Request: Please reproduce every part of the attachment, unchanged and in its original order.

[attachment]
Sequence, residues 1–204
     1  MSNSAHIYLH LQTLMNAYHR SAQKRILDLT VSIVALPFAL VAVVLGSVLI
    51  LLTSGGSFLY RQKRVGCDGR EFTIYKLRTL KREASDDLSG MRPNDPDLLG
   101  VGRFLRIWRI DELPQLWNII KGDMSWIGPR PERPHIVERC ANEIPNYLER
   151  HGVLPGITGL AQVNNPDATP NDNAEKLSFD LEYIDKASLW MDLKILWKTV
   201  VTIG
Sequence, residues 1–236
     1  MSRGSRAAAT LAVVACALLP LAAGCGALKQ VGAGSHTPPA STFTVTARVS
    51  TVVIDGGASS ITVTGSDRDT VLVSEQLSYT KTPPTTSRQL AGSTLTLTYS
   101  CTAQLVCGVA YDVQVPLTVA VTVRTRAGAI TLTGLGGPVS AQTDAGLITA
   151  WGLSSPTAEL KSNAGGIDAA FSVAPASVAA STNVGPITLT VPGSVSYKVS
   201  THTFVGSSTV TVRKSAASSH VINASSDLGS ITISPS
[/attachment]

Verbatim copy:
Sequence, residues 1–204
     1  MSNSAHIYLH LQTLMNAYHR SAQKRILDLT VSIVALPFAL VAVVLGSVLI
    51  LLTSGGSFLY RQKRVGCDGR EFTIYKLRTL KREASDDLSG MRPNDPDLLG
   101  VGRFLRIWRI DELPQLWNII KGDMSWIGPR PERPHIVERC ANEIPNYLER
   151  HGVLPGITGL AQVNNPDATP NDNAEKLSFD LEYIDKASLW MDLKILWKTV
   201  VTIG
Sequence, residues 1–236
     1  MSRGSRAAAT LAVVACALLP LAAGCGALKQ VGAGSHTPPA STFTVTARVS
    51  TVVIDGGASS ITVTGSDRDT VLVSEQLSYT KTPPTTSRQL AGSTLTLTYS
   101  CTAQLVCGVA YDVQVPLTVA VTVRTRAGAI TLTGLGGPVS AQTDAGLITA
   151  WGLSSPTAEL KSNAGGIDAA FSVAPASVAA STNVGPITLT VPGSVSYKVS
   201  THTFVGSSTV TVRKSAASSH VINASSDLGS ITISPS